A Russian missile strike on a town in central Ukraine on Thursday killed at least 23 people, including three children. Two weeks earlier, missiles crashed into buildings near Odessa, killing 21 people. And for weeks, in the Kyiv suburb of Bucha, civilians bore the brunt of the Russian onslaught – killed on bicycles or walking down the street, or executed with their hands tied.
Indiscriminate Russian attacks on civilian areas have become a feature of its invasion, and this week an international conference in The Hague sought to coordinate an approach to the overwhelming allegations of war crimes in Ukraine.
But investigators face a formidable challenge, with no less than 20,000 war crimes investigations, multiple countries and international agencies at work, and a heavy burden of proof to reach a conviction. To complicate matters further, the investigations are working while the war is still raging. The Kremlin has denied the allegations against its forces and the Russian Defense Ministry has called graphic evidence of atrocities “fake”.
Prosecutors are keen to avoid a situation in which national and international prosecutors overlap in their search for evidence and witnesses. On Thursday, Karim Khan, the prosecutor of the International Criminal Court, stressed the need to coordinate investigations and avoid a “rush” of many parties “running to the crime scenes”.
In The Hague this week, representatives from 45 countries, including the United States and countries in the European Union, heard testimony about the atrocities and pledged around $20 million to help the ICC, the Attorney General of Ukraine and United Nations efforts.
Experts say the International Criminal Court, established in 1998 to deal with cases of mass atrocities, could be an important avenue for Russian accountability, although there are many obstacles to that goal. Neither Russia nor Ukraine are among the court’s 123 member countries, but Ukraine has granted the court jurisdiction over crimes committed on its territory.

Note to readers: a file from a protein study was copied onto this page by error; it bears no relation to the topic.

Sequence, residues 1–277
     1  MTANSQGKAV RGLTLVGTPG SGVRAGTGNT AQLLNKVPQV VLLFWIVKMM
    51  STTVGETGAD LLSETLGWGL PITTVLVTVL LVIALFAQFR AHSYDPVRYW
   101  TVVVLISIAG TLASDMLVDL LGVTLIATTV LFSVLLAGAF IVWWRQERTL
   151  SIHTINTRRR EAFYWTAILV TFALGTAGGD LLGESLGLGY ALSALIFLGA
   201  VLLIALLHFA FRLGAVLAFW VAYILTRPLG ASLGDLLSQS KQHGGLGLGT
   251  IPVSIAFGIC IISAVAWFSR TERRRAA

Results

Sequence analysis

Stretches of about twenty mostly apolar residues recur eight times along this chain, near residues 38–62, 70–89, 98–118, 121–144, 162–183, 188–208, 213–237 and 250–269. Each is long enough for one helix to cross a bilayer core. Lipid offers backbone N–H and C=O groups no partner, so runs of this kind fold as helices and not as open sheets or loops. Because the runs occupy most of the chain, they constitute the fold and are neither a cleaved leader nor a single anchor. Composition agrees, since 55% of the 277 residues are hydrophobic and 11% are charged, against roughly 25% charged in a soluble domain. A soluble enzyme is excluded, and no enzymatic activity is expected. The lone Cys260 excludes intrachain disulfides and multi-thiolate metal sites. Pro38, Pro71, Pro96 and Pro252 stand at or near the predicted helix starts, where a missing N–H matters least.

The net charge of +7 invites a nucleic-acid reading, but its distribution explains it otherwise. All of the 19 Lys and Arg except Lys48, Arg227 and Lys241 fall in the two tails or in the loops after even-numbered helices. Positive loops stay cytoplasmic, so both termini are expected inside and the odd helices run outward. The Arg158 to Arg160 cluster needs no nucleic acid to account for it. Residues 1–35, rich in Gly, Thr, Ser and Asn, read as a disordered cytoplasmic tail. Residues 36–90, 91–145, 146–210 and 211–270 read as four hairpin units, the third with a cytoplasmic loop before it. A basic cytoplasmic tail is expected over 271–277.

Dutch Foreign Minister Wopke Hoekstra told a press conference on Thursday that the Netherlands was considering setting up an ad hoc international tribunal for war crimes in Ukraine.
Ukrainian President Volodymyr Zelensky addressed the conference via video even as rescuers dug through the rubble of Thursday’s missile strike on Vinnytsia, a town far removed from fighting on the eastern front. “It’s an act of Russian terror,” he said.
On Wednesday, US Secretary of State Antony J. Blinken said Russian authorities had“deported” between 900,000 and 1.6 million Ukrainian citizens, including 260,000 children, from their homes to Russian territory, often to isolated regions of the Far East. The illegal transfer of protected persons, he said, is a violation of a Geneva Convention and a war crime.
Russia acknowledged that 1.5 million Ukrainians are currently in Russia, but said they were evacuated for their own safety.
The history of war crimes cases suggests that it would be difficult for prosecutors to bring cases about Russia’s war in Ukraine.
Three of the most significant lawsuits – against Slobodan Milosevic, Charles Taylor and Saddam Hussein – were brought against leaders who were no longer in power; no sitting president has ever been handed over to an international tribunal.
Russian President Vladimir V. Putin enjoys strong support at home and has developed strong ties with the leaders of other major nations, including those of China, Turkey and Iran.
Proving war crimes, and especially proving who ordered a given action, is also very difficult. In Mr. Putin’s case, prosecutors would have to show that he issued specific orders that led to specific atrocities, knew about the crimes, or did nothing to prevent them.
Prosecutors would also have to show that Russian commanders intentionally targeted civilian structures or struck them in attacks that failed to distinguish between civilian and military targets. Obtaining such evidence or testimony may not be possible in the near future, at least while the fighting rages on.
Marlise Simons contributed reporting from Paris.